King Hap Gaylord presides over the 1995 Warren Fourth of July Parade. VR File Photo

Editors note: Without a Warren Fourth of July celebration to cover, The Valley Reporter turned to its extensive archive of pictures and stories about Warren's annual celebration this year. Join us in reveling in parades, floats and foibles of years passed. This week we take you back twenty-five years to the 1995 Warren Fourth of July Parade. We hope you enjoy and we look forward to seeing you in Warren again soon.

By Phil King and Lisa Loomis

In perhaps one of his best roles yet, Waitsfield’s Hap Gaylord donned a crown and royal robes to wave a toilet plunger as scepter to a receptive crowd of parade-goers during Warren’s annual Fourth of July parade, street party and field fair.

Gaylord, (or King Hap as he was known for the day) led a float dedicated to Vermont pulling out of the union to form its own more perfect sovereign nation. That float, with its depiction of Governor Howard Dean as the court jester; Hillary Clinton as the goddess of stretch pants, a baroness of BGH and much more, received the most imaginative award from parade judges.


The annual Fourth of July parade got under way at 10 a.m. and attracted the usual thousands upon thousands who crammed the streets, sidewalks and lawns of Warren’s tiny downtown for a glimpse at the unique, political and comical floats entered into the parade.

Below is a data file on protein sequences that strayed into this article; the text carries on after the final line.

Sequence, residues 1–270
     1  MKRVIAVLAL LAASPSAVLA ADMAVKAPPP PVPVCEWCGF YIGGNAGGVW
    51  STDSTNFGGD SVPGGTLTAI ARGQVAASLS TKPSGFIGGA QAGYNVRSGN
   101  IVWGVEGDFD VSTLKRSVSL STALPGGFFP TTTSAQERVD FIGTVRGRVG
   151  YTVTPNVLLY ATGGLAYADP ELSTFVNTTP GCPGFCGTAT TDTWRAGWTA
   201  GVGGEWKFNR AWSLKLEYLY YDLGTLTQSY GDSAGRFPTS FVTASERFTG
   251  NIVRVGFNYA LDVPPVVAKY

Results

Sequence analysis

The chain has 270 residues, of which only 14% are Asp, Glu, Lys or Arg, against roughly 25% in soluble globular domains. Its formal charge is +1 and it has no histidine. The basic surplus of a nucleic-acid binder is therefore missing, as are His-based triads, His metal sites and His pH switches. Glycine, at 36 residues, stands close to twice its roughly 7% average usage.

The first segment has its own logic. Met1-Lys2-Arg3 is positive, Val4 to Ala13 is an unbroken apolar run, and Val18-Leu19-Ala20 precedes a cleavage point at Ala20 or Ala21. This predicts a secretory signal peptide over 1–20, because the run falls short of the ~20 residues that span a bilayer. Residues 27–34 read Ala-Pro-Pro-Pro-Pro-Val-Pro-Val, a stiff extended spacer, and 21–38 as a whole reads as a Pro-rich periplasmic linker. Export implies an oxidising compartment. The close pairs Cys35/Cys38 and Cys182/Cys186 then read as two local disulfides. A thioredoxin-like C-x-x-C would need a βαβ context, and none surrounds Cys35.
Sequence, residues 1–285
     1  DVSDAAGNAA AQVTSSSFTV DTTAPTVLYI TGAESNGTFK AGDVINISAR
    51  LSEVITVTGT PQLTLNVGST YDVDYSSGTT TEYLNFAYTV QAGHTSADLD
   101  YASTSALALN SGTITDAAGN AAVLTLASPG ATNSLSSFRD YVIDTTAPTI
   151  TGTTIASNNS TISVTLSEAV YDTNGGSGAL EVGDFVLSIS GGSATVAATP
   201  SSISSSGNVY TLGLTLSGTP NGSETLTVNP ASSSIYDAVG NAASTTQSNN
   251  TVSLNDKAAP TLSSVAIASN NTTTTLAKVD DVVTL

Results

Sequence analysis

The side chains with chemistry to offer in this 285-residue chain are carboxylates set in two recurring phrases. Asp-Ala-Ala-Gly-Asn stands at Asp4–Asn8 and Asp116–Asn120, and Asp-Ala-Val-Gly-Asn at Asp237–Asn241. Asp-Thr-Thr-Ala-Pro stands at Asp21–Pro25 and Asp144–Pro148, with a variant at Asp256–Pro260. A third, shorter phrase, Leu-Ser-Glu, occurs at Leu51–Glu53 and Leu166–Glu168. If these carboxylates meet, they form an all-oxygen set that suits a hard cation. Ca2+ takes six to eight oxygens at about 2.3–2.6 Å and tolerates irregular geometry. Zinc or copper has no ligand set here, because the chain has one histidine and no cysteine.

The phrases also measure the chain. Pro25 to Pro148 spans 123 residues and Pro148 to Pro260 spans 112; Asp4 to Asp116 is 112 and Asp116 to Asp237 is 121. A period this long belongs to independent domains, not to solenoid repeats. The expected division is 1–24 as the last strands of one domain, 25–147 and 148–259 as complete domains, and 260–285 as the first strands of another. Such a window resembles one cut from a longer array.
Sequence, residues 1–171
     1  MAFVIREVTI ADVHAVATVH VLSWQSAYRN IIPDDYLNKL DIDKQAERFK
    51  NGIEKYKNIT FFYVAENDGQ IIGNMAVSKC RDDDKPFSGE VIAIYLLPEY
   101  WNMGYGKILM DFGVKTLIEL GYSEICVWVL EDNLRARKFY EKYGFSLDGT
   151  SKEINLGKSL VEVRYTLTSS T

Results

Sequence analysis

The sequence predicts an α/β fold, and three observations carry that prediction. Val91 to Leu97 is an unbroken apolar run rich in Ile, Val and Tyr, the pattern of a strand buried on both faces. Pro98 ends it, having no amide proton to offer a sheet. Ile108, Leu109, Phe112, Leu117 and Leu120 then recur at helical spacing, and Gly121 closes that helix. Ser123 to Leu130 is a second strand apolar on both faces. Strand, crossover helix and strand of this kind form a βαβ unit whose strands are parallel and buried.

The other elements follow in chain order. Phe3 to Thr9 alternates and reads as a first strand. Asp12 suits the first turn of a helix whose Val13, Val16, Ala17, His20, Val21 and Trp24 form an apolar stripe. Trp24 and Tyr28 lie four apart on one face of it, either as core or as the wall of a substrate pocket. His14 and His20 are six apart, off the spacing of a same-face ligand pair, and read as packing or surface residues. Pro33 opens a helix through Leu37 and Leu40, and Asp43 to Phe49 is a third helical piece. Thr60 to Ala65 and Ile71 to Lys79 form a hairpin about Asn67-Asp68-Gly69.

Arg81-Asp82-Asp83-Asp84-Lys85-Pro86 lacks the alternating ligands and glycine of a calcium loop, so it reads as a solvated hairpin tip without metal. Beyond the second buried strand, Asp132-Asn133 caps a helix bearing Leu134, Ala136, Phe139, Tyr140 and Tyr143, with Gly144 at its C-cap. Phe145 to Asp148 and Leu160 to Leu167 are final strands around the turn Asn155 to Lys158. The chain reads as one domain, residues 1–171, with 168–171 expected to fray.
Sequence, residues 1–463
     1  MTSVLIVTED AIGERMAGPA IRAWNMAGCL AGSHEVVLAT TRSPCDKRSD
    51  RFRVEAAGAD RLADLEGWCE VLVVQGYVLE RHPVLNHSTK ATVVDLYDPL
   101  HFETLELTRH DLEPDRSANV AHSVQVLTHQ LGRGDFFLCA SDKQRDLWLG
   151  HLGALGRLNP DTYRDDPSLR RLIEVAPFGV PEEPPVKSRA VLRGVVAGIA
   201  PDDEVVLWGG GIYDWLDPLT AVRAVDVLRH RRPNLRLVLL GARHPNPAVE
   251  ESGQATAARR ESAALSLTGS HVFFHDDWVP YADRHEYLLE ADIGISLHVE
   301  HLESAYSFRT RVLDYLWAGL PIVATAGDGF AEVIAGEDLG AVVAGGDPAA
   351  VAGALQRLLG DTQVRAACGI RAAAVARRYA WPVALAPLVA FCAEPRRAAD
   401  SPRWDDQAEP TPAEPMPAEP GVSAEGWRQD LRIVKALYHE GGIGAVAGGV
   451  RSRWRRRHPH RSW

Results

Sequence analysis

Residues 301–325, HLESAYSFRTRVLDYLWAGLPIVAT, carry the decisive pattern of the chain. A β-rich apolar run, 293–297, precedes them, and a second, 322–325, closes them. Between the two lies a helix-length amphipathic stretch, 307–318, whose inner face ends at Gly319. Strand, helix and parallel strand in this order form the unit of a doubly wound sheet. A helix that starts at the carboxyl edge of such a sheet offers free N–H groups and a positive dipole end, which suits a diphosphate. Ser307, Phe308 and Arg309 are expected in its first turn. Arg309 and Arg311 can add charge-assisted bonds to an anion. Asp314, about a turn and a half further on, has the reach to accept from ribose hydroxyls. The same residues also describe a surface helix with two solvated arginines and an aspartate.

In an interesting juxtaposition, a float by Sugarbush shared the award for funniest with Prickly Mountain’s annual mammoth production. Sugarbush’s float this year featured a chairlift running through a beech forest, complete with two bullwheels, several chairs bearing bears and other happy forest creatures.

Prickly Mountain’s extravaganza featured a huge black bear that reared up on its hind legs to roar. The bear was accompanied by dozens of supporters and bear fans bearing signs and placards with various and sundry political comments.


Speaking of bears, the right to bear arms, the right to arm bears and the right to bare arms was the subject of Moretown’s South Hill Road Militia. That float featured a giant raisable arm that when fully extended, was bared with a great flourish. The float was accompanied by a cadre of children as foot soldiers, marching to a drummer. The soldiers carried bare arms and performed military drills with these weapons. That float was deemed most patriotic.

The award for best overall float went to a newcomer to the Warren parade, the Yestermorrow School and Design Build Group. This float was a series of separate houses or building frame pieces, including a tower, walls and windows. Float bearers marched along the parade route, periodically stopping to assemble the building in the street.


An elaborate and lengthy float by Mad River Glen was awarded best commercial. Touting, “Still single after all these years,” the main float body featured Bill “Go Go Go” Peatman loading an avid Mad River Glen skier onto a single chair from Mad River’s renowned Single chairlift. The float included a heavy emphasis on purchasing shares in a skier-owned cooperative.